If you were separated or divorced in 2018, then there will be certain tax implications, the most basic of which is your filing status. If you are separated but have not received a final divorce or legal separation decree, then you are considered married for the entire year for tax purposes and must file as:

  • Married Filing Jointly OR
  • Married Filing Separately

If your divorce or legal separation became official by December 31, then you can file as single or, if the kids are with you, head of your household. Otherwise, you and your spouse can decide whether to claim the children on one joint tax return or opt for the Married Filing Separately status and claim one child per return.

How alimony payments affect taxes

If you are paying alimony as the result of a finalized divorce or separation agreement, then you can deduct these payments on your federal and state income tax returns conditions if the following apply:

  • They are authorized by a court order
  • You made the alimony payments in cash, checks, or money orders
  • You and your spouse no longer live together
  • The money is for alimony and not included in a child support payment
  • Your spouse includes it in their taxable income

If you are receiving alimony, then you must report the payments as income on your income tax returns.

It is important to note that the law changes in 2019. If your divorce or separation agreement is finalized in 2019 or later, then you cannot deduct your alimony payments from your tax returns. If you are receiving alimony, then you do not need to report them on your returns. These changes do not apply to pre-2019 divorces or separations, even going forward, as the payments are grandfathered into the old tax rules.

How child support affects taxes

A child can only be claimed by one parent on the latter’s tax return. You may claim your child as a dependent if you are legally the custodial parent or they lived with you more than they did with their other parent during the tax year.

If you are paying child support, then you cannot deduct the payments on your tax return. If you receive support payments, then you do not have to report them as income on your tax return.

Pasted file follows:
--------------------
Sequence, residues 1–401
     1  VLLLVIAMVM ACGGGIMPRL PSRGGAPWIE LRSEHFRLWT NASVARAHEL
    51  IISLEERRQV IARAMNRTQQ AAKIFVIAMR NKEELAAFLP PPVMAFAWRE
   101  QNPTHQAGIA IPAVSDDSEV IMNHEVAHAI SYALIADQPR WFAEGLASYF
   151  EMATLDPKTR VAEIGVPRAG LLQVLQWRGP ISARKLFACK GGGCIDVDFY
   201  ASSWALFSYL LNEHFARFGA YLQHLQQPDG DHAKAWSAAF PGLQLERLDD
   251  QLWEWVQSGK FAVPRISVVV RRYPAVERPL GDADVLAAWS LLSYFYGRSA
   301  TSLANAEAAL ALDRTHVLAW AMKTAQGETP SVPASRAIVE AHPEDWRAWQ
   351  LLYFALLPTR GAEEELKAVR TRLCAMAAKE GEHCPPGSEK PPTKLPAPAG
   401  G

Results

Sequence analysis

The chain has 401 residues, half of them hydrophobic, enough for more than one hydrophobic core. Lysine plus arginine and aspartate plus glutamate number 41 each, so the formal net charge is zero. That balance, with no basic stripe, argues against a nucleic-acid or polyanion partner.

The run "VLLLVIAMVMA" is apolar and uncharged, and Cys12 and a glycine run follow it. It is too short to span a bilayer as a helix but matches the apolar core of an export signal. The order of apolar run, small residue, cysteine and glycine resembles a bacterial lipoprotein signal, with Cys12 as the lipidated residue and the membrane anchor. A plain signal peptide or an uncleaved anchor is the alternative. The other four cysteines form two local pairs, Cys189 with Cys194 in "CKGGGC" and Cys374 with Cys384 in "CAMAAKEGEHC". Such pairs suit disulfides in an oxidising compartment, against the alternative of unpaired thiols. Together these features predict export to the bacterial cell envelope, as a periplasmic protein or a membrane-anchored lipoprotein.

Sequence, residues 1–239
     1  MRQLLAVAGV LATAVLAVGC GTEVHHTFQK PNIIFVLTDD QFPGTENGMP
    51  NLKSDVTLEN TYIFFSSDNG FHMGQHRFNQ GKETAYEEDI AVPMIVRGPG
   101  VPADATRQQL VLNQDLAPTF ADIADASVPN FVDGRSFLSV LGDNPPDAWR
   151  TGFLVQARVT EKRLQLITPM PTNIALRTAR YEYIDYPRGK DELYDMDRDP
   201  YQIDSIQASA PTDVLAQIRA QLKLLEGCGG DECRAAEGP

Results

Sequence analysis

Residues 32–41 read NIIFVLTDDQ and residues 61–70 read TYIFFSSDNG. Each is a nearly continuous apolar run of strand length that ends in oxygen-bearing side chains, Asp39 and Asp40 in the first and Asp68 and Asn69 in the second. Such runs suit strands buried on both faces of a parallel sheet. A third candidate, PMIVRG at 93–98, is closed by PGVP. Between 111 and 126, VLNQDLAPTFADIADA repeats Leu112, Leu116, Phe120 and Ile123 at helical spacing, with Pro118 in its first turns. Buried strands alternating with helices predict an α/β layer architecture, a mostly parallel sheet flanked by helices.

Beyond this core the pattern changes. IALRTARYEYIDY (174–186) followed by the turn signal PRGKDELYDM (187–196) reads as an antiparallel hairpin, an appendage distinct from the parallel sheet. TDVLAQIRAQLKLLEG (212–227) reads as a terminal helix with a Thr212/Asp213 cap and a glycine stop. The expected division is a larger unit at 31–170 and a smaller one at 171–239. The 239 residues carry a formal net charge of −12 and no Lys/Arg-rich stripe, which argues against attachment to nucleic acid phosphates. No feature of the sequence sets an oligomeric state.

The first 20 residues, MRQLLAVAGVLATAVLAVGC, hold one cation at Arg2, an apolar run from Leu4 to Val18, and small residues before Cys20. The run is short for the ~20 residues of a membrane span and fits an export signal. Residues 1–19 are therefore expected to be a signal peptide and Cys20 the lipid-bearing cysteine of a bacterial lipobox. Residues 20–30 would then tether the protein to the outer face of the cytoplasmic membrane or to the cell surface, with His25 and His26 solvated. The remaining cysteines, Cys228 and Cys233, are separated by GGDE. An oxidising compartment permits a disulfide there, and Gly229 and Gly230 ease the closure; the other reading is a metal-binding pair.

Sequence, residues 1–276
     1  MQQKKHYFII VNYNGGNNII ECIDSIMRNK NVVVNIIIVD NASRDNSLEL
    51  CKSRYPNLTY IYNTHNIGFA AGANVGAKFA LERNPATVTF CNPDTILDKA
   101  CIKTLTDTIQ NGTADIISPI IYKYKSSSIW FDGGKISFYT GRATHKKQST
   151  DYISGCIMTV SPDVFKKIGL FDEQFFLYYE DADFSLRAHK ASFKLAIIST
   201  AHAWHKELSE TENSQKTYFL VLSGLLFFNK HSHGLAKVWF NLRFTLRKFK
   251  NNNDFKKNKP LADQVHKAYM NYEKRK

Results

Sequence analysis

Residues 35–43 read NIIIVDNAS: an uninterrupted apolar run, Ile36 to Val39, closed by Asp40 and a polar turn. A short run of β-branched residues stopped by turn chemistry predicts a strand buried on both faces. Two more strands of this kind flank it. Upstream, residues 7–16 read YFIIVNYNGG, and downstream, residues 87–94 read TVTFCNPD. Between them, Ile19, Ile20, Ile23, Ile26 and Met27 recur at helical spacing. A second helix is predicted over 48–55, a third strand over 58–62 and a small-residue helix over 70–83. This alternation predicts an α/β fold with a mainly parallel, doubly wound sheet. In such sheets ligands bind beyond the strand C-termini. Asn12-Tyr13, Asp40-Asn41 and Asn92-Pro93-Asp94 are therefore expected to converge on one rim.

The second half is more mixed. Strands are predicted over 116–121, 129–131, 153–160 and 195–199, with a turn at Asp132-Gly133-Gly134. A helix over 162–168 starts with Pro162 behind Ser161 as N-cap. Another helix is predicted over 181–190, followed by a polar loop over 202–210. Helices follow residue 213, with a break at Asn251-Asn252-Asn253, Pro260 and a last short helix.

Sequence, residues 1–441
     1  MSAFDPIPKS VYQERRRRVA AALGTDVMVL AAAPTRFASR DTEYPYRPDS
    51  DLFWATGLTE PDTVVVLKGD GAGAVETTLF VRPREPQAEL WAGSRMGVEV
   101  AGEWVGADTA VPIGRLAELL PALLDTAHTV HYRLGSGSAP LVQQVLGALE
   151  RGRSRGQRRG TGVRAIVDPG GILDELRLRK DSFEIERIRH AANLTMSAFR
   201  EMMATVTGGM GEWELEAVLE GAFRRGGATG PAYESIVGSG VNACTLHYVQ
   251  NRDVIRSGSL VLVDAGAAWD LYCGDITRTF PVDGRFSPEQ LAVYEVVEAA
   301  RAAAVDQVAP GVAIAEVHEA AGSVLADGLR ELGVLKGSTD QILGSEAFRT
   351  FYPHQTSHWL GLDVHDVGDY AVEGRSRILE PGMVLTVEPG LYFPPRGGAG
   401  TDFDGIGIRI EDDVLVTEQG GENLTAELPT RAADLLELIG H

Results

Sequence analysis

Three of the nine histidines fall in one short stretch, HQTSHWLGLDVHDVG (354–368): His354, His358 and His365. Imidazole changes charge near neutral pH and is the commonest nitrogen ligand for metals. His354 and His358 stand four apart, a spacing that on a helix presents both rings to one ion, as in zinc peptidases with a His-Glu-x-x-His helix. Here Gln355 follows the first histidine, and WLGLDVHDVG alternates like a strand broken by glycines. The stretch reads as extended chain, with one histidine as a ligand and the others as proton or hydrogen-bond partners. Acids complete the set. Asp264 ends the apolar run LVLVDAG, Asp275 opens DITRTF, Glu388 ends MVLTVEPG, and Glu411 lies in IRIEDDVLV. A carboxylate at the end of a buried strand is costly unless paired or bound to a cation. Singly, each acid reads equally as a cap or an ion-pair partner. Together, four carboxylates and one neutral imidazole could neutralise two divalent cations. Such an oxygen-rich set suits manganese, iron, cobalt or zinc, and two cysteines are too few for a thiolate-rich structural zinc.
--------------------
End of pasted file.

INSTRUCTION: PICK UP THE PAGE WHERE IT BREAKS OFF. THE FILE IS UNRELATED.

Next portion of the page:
Medical expenses

If you contribute to your child’s medical expenses after the legal separation or divorce, then you can claim them as a medical expense deduction even if you are not the custodial parent.

Sale of the marital home

If you and your former spouse decide to sell the marital home when you divorce, then capital gains tax may impact you. In general, you and your spouse can each avoid paying tax on gains of up to $250,000 if you lived in the home for two of the last five years. If you sell the home after the divorce, then you may be able to qualify for certain exclusions.

Doing your first tax return after divorce can be intimidating, but your New York family law attorney may be able to recommend a financial expert who works regularly with divorced or separated clients. Be sure to ask!

Jayson Lutzky is a Bronx divorce and family law attorney. He has over 35 years of experience practicing law in New York and has helped thousands of highly satisfied clients file for both contested and uncontested divorces. Mr. Lutzky offers free in-office initial consultations and can be reached at 718-514-6619.

For more information, visit https://www.efile.com/tax-deduction/income-deduction/divorced-tax/.